NICARAGUA
Sandinista National Liberation Front (FSLN)

The public admonition of John Paul II

The priests who were in the Sandinista movement were suspended by the Vatican. When Pope John Paul II visited Nicaragua for the first time (March 4, 1983), two events further pushed the distancing of Sandinismo from the Catholic Church: Pope John Paul II’s public warning to Ernesto Cardenal to regularize his situation, and the shouts of those who participated in the multitudinous Mass with the entire Ortega cabinet. The people shouted slogans in favor of popular power and peace, interrupting the Mass. At one point, the pope responded by saying these prophetic words: “The Church is the first to want peace.” At that time there were expulsions of priests accused of “terrorism” and an atmosphere of undeclared hostility against the Church. St. John Paul II would remember that trip as a “great dark night”.

KSIĄDZ ERNESTO CARDENAL, PIERWSZA MSZA PO 35 LATACH
John Paul II and Ernesto Cardenal

The expulsion of Bishop Vega

Now in power, the Sandinistas wanted to take revenge for the positions of the Church and the rejection of liberation theologians during the papacy of John Paul II, considering this an act of opposition to the people’s revolution. The persecution and possible exile of Bishop Rolando Alvarez brings to mind the persecution and exile to which the regime subjected the bishop of Juigalpa, Pablo Vega, in 1986. By means of deceit, they invited Bishop Vega to a meeting. There they apprehended him, put him in a helicopter, and left him on the other side of the border with Honduras. The accusation, however, was similar to those of today: “treason.”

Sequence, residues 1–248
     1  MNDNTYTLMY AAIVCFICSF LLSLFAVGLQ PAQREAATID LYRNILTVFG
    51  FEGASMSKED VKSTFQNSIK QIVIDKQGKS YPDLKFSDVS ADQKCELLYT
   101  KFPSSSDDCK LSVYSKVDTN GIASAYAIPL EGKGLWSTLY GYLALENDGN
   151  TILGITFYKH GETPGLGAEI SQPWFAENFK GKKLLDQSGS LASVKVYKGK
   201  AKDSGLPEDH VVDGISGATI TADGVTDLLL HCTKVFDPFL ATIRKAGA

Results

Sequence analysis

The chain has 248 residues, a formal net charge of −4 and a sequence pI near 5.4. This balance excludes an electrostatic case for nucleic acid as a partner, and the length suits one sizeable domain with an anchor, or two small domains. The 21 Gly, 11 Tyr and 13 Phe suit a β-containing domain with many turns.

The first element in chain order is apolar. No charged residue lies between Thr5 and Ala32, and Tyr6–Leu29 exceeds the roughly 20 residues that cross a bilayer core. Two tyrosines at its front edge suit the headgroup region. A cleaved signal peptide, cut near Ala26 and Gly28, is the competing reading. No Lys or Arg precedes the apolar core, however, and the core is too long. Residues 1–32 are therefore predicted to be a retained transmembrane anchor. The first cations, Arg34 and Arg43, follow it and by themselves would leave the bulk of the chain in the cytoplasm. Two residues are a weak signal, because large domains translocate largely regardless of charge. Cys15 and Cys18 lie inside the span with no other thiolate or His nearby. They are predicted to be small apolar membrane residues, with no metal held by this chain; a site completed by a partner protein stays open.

“July 4, 1986, Bishop Pablo Antonio Vega, Bishop of Juigalpa, CEN Vice President; he is expelled from Nicaragua at midnight, they put him on a military helicopter and lower him into the jungle bordering Honduras.”

When Sandinismo was not in power